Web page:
Editions:  Austria · Denmark · France · Germany · Italy · Norway · Spain · Sweden · Switzerland
Advertisement

Nursing students protest against low wages

Share this article

Nursing students protest against low wages
17:10 CET+01:00
Some 500 nursing students in Umeå, in northern Sweden, are taking a stand and demanding higher entry wages. They're encouraging all nurses to turn down any job with a monthly salary of less than 24,000 kronor ($3,500), according to reports in local media.

"I think their demand is entirely reasonable," Lotta Hjelte, vice chairwoman of the Västerbotten regional division of the Swedish Association of Health Professionals (Vårdförbundet), told local newspaper Västerbottens-Kuriren.

Sara Selin, one of the protest's organizers, is hopeful that this will lead to change.

"There are a lot of us now, and the counties are in need of very many nurses for summer work, so we're a major group who have a real chance of making a difference," she said to radio station SR.

24,000 kronor is the average monthly salary for nurses with a general nursing degree in Västerbotten county, according to Västerbottens-Kuriren.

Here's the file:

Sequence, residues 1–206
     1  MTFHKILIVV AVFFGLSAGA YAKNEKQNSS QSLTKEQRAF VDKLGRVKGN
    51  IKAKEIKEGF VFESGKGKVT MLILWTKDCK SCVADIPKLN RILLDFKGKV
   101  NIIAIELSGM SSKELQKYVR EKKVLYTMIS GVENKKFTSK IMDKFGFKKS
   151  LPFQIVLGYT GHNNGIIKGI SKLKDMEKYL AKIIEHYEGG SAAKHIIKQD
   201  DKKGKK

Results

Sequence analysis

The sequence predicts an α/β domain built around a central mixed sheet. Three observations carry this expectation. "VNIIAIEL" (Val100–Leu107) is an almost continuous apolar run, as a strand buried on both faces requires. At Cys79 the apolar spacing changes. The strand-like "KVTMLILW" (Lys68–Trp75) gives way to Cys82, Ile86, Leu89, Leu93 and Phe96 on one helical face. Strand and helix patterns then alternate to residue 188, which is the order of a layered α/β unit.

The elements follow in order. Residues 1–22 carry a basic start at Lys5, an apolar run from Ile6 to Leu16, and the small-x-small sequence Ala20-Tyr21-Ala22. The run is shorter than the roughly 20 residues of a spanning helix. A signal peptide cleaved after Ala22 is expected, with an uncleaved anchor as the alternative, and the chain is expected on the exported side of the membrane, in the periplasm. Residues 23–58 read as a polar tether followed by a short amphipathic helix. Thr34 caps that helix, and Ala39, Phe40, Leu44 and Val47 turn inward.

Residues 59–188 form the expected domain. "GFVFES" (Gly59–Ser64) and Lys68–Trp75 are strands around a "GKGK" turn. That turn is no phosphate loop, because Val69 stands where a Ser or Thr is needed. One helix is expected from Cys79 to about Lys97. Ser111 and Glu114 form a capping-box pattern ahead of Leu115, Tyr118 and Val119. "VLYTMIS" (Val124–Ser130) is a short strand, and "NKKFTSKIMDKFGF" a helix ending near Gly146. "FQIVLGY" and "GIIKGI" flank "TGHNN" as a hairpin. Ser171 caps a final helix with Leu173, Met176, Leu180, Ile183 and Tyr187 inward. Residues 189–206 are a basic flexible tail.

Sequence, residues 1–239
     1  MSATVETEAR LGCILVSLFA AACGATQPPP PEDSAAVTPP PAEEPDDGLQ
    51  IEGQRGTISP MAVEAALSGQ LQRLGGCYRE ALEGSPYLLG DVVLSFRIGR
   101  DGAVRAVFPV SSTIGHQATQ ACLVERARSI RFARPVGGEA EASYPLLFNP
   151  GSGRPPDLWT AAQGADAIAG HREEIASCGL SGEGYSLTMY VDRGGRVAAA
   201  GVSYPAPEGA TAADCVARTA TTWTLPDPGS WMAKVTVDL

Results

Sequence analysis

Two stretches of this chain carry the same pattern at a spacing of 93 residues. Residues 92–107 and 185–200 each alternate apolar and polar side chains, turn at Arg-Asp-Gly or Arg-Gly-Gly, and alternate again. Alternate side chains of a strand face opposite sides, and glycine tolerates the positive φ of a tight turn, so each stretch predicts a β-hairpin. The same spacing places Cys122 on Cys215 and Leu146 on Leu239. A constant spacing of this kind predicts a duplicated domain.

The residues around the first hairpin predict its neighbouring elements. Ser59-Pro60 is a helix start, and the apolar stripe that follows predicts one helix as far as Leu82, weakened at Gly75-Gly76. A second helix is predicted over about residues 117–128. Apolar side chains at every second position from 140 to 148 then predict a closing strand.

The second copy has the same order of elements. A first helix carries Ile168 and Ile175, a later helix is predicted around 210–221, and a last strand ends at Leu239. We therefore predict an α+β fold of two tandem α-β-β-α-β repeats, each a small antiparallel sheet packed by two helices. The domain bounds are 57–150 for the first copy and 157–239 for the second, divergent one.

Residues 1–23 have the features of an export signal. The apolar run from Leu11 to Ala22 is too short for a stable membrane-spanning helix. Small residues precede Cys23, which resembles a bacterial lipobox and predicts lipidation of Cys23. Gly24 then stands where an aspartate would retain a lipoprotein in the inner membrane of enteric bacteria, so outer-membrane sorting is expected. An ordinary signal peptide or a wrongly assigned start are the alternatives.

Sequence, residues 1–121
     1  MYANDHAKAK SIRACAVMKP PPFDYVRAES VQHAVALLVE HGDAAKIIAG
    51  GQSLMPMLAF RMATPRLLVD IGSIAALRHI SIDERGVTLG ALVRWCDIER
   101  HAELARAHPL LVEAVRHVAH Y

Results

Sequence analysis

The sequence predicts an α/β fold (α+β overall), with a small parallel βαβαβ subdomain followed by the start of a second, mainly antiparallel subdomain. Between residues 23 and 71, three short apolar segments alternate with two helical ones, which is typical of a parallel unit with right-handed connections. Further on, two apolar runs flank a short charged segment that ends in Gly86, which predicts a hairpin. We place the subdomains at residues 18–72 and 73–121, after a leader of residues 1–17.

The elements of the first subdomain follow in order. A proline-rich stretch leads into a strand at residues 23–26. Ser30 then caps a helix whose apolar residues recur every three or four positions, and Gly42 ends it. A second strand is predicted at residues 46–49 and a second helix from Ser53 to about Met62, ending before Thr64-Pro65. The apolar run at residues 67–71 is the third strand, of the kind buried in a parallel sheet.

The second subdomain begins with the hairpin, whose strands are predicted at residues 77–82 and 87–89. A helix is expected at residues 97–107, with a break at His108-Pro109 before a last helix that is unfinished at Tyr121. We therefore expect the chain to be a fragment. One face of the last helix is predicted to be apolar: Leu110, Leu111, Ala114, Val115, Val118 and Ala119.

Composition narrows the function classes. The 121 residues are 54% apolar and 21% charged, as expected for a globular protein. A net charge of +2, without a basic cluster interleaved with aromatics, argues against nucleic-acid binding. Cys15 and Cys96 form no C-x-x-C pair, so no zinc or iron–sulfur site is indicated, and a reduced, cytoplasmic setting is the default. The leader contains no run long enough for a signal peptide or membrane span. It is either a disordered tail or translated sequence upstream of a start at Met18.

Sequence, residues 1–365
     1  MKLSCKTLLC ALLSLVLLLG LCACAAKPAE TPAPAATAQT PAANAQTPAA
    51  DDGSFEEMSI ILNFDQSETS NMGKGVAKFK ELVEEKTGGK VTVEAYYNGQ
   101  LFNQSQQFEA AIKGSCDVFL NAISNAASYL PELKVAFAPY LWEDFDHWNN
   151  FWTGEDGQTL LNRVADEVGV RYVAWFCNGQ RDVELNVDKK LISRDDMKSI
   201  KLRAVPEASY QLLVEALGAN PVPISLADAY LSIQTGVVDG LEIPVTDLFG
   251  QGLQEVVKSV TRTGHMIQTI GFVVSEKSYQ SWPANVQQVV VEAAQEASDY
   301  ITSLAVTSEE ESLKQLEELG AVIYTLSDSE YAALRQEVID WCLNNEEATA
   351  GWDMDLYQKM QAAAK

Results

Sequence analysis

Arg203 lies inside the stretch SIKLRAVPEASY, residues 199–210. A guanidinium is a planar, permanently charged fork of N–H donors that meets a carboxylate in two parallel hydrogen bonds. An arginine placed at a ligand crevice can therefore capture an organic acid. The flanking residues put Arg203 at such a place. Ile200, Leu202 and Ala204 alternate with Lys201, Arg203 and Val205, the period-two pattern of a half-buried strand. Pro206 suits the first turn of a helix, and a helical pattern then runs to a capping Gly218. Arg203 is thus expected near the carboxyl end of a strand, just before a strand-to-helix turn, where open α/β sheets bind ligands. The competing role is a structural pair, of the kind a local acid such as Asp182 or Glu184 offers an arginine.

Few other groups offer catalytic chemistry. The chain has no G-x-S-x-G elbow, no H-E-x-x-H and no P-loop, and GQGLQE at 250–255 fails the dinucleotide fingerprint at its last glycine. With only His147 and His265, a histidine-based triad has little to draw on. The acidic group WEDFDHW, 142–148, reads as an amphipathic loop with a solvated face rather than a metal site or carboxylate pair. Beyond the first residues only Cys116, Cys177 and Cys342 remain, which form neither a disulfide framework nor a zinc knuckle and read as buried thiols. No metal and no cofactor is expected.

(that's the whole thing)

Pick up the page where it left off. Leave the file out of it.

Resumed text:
For newly graduated nurses, the average salary in the county is 21,500 kronor.

Västerbotten's Association of Health Professionals hopes that the nursing students' demands will lead to raised salaries for the nursing profession overall.

"If new nurses receive 24,000 every month when they start working, the county and municipalities will have to do something about the salaries of those who're already working," Hjelte said to SR.

The protest was started by last year's nursing students, and has since spread throughout Sweden. According to the association, it has already resulted in raised entry wages in the Stockholm area.

Get notified about breaking news on The Local

Share this article

Advertisement

From our sponsors

The power of cooperation: the secret to Swedish success?

Is the Swedish approach to leadership really as special as people think? The Local asks a non-Swedish manager at telecom giant Ericsson for a frank appraisal of Swedes' so-called 'lagom' leadership style.

Advertisement
Advertisement
Jobs
Click here to start your job search
Advertisement
Advertisement

Popular articles

Advertisement
Advertisement